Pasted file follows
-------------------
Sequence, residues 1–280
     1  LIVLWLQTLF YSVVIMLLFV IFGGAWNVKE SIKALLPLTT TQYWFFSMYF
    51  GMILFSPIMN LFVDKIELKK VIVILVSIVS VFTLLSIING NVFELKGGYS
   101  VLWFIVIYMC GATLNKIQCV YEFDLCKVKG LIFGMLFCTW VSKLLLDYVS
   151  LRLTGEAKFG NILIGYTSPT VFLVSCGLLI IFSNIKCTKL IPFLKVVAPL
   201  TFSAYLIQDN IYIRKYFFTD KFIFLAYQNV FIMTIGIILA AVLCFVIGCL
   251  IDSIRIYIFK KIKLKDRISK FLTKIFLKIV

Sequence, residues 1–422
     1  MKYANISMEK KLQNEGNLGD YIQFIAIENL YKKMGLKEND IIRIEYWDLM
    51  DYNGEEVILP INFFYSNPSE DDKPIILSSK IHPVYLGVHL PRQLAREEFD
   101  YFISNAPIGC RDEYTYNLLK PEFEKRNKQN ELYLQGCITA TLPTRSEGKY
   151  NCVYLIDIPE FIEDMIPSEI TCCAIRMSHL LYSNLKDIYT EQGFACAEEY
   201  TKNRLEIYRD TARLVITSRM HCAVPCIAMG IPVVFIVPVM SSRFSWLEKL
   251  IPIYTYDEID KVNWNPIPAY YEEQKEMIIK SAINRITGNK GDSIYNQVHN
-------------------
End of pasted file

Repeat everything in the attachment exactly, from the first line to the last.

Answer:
Sequence, residues 1–280
     1  LIVLWLQTLF YSVVIMLLFV IFGGAWNVKE SIKALLPLTT TQYWFFSMYF
    51  GMILFSPIMN LFVDKIELKK VIVILVSIVS VFTLLSIING NVFELKGGYS
   101  VLWFIVIYMC GATLNKIQCV YEFDLCKVKG LIFGMLFCTW VSKLLLDYVS
   151  LRLTGEAKFG NILIGYTSPT VFLVSCGLLI IFSNIKCTKL IPFLKVVAPL
   201  TFSAYLIQDN IYIRKYFFTD KFIFLAYQNV FIMTIGIILA AVLCFVIGCL
   251  IDSIRIYIFK KIKLKDRISK FLTKIFLKIV

Sequence, residues 1–422
     1  MKYANISMEK KLQNEGNLGD YIQFIAIENL YKKMGLKEND IIRIEYWDLM
    51  DYNGEEVILP INFFYSNPSE DDKPIILSSK IHPVYLGVHL PRQLAREEFD
   101  YFISNAPIGC RDEYTYNLLK PEFEKRNKQN ELYLQGCITA TLPTRSEGKY
   151  NCVYLIDIPE FIEDMIPSEI TCCAIRMSHL LYSNLKDIYT EQGFACAEEY
   201  TKNRLEIYRD TARLVITSRM HCAVPCIAMG IPVVFIVPVM SSRFSWLEKL
   251  IPIYTYDEID KVNWNPIPAY YEEQKEMIIK SAINRITGNK GDSIYNQVHN